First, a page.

A feeling close to a thermal experience
All the characteristics of electric driving are found in a different way, starting with the frank and fluid acceleration, accompanied by faultless comfort (especially for urban journeys). On this point, we still recommend switching to Sport mode to really take advantage of all the engine’s power (100 kW) and maximum torque (260 nm), flanged in normal mode (80 kW and 220 nm) and eco mode (60 kW and 180 nm). Between these three possibilities, the mapping of the accelerator pedal is modified (less need to press in Sport). The direction, very frank, is also different with more firmness as one wishes to increase the pleasure.
Rear of the Peugeot e-208 // Source: Maxime Claudel for Numerama
However, there’s something surprising about the e-208: regenerative braking, which is much smoother than the competition. For example, there is a Brake mode that increases the power of the engine brake to recover more energy. Except the e-208 will never be a Nissan Leaf or a Tesla. Not only does it only engage when the battery is sufficiently depleted, but it will never be abrupt. During our test, it was only after 10% of the autonomy consumed that we began to feel the benefits of regenerative braking – which raises questions about efficiency. At no time will it be possible to drive with only one pedal. Why did Peugeot make this choice? Simply to offer a smooth transition, with a feeling close to a thermal experience.
The Peugeot e-208 (side view) // Source: Maxime Claudel for Numerama
The e-208 shares its development platform with the e-2008 – a compact SUV version. This means that a 50 kWh battery is nestled in his entrails. Peugeot announces a range of 340 kilometres in the WLTP cycle, which appears to be more than sufficient to meet the needs of daily commuting (include: going to the office). Only snag? The car’s pessimistic algorithm never predicted more than 210 kilometres with a full battery. In reality, and after discussion with Peugeot, the real range would be more around 250 kilometres, knowing that we will go below 200 on a fast lane and that it is possible to tickle the 300 with a very, very economical driving style.
The actual range would be more around 250 kilometres.
The e-208 is compatible with fast charging at 100 kWh thanks to its liquid cooling technology. On an obviously compatible terminal, 80% of the autonomy can be recovered in less than 30 minutes. On a classic plug, like the one you use for your smartphone, you’ll need to be patient (100% in 16 hours). Always at home, a stronger – more powerful – grip will be faster (100% in 7 hours) and an even faster Wallbox (100% in 5 hours). “We have to accompany our customers in this energy transition,” explains Peugeot. That’s why there are so many options for refuelling.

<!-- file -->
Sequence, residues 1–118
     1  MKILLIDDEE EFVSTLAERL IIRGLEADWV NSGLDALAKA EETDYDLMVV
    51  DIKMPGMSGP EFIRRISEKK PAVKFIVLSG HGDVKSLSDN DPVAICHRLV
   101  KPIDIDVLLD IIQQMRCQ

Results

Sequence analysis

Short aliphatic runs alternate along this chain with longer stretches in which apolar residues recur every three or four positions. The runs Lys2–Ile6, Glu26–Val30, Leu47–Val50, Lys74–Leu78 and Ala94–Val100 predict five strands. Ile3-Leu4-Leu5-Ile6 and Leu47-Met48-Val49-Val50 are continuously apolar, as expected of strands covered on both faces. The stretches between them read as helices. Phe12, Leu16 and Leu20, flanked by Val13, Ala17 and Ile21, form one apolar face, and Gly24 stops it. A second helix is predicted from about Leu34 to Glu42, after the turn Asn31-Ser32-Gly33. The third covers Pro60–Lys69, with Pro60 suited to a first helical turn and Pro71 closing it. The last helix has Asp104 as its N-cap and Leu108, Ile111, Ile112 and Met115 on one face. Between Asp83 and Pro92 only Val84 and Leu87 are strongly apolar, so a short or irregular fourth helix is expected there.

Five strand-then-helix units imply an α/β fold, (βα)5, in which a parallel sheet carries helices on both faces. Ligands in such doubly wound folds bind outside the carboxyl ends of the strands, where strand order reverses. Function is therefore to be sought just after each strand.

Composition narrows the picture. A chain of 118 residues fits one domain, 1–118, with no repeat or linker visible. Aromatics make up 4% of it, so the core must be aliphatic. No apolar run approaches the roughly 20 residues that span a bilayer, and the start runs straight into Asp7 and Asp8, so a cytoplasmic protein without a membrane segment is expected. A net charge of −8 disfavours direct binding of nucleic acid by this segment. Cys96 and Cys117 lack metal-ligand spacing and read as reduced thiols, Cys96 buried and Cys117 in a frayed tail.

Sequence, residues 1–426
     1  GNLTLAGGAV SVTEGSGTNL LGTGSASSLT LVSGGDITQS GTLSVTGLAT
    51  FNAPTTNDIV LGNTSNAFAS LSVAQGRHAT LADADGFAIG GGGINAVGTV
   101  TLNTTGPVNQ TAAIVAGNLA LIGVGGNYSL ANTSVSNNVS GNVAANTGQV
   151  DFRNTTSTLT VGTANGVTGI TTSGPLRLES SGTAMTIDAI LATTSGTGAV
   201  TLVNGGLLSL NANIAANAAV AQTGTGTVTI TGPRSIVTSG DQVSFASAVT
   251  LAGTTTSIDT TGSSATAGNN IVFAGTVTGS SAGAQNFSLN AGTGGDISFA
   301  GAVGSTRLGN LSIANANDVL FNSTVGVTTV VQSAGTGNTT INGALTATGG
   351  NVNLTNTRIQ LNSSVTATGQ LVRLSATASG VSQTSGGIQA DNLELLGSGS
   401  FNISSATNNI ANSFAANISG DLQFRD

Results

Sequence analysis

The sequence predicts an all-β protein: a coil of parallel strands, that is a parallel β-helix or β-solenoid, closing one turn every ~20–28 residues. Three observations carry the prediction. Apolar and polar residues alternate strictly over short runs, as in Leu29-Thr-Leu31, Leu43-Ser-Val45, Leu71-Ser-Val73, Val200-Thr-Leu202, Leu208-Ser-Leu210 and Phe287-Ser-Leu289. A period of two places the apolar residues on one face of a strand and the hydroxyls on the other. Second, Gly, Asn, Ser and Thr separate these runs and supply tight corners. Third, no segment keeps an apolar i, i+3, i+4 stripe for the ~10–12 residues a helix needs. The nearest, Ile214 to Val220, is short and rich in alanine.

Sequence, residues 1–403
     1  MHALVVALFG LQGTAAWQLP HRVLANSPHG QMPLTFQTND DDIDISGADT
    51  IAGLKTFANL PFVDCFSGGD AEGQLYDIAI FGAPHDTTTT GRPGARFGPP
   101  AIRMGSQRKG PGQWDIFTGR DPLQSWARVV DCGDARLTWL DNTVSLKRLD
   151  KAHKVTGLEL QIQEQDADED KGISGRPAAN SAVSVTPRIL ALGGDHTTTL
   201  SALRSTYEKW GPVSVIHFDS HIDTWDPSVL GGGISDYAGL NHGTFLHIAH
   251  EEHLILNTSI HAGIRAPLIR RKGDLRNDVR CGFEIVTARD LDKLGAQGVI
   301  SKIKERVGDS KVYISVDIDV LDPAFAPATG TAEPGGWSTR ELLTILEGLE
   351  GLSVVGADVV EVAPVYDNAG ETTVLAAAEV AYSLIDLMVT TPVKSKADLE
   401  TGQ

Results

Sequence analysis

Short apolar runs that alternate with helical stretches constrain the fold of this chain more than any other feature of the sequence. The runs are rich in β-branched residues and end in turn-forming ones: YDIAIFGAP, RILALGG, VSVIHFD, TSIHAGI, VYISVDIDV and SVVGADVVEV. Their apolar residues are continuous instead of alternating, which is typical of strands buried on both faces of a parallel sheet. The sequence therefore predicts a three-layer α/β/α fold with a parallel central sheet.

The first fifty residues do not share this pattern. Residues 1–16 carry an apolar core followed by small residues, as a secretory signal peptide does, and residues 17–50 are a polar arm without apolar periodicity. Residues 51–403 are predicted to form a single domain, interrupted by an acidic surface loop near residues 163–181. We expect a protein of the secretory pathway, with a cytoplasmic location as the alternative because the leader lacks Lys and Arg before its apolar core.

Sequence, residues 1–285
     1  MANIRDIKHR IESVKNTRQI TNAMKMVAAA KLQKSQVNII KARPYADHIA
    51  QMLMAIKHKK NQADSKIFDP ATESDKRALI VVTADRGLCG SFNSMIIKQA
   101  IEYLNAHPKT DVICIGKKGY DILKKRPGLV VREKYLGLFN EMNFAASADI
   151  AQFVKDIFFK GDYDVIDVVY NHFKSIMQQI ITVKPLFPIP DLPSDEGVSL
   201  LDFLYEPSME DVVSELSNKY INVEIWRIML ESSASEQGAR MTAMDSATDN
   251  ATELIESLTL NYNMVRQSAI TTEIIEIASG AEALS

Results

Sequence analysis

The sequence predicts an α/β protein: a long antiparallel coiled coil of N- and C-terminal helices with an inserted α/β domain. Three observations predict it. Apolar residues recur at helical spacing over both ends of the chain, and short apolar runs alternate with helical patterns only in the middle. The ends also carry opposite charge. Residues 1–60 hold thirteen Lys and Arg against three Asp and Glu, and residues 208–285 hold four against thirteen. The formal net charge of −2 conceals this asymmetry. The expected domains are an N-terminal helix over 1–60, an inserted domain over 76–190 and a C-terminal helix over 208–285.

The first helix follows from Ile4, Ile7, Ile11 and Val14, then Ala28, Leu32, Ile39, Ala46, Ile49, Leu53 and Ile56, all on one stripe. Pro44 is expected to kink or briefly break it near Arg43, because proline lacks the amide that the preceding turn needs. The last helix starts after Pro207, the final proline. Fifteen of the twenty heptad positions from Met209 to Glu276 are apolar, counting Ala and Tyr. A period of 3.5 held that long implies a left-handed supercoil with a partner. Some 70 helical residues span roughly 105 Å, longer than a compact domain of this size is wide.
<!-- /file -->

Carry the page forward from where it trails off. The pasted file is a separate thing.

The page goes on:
Front of the Peugeot e-208 (Allure finish) // Source: Maxime Claudel for Numerama
As far as driving aids are concerned, we won’t have to wait for Peugeot’s “monts et merveilles”. Worse, the e-208 proves to be less well endowed than its thermal counterpart. It will be necessary to wait a few more months to benefit from the lane positioning assist (the car keeps itself in the lane with hands on the steering wheel mandatory) and the intelligent speed adapter. Today, the e-208 still benefits from lane keeping assist, which helps maintain the trajectory that starts at 70 km/h.
To improve user comfort, Peugeot naturally offers a mobile application available on iOS and the Play Store. Thanks to it, you can check its level of autonomy and activate certain functions remotely (e.g. air conditioning). Supporting Android Auto and Apple CarPlay, the e-208 also features a USB-C (!) port and a homemade voice assistant (of questionable relevance).
The Peugeot e-208 is available in four trim levels, starting at 32,100 euros (excluding the ecological bonus).
Indicative note: 4/5
“We don’t want our customers to be bored behind the wheel,” Peugeot says loud and clear as it embarks on its real move towards electric mobility (we prefer to forget about the 106 Electric and the iOn). With the e-208, the French automaker wants above all to avoid too abrupt a transition, both in terms of design and driving.
The e-208 is therefore a fairly wise 100% electrical variation of the 208. Nevertheless, it’s still a very well designed car, with an exemplary chassis, a handling that’s hard to fault and a range that’s more than enough for a daily user (who would go on holiday in 208? ). In conclusion, it has its rightful place in the range for those who want to discover electric mobility at the wheel of a proven best-selling car.
- A very nice car
- The comfort of electricity
- Exemplary handling
- Regenerative braking a little timid
- Old-fashioned interface
- Recessed Pilot Aids